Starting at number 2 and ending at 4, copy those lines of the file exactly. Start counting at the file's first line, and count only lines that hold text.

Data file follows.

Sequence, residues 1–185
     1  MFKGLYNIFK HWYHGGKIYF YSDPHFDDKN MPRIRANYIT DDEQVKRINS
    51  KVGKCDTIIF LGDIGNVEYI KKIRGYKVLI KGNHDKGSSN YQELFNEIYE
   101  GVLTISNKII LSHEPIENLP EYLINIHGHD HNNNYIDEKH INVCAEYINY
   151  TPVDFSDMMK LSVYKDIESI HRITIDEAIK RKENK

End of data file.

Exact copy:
     1  MFKGLYNIFK HWYHGGKIYF YSDPHFDDKN MPRIRANYIT DDEQVKRINS
    51  KVGKCDTIIF LGDIGNVEYI KKIRGYKVLI KGNHDKGSSN YQELFNEIYE
   101  GVLTISNKII LSHEPIENLP EYLINIHGHD HNNNYIDEKH INVCAEYINY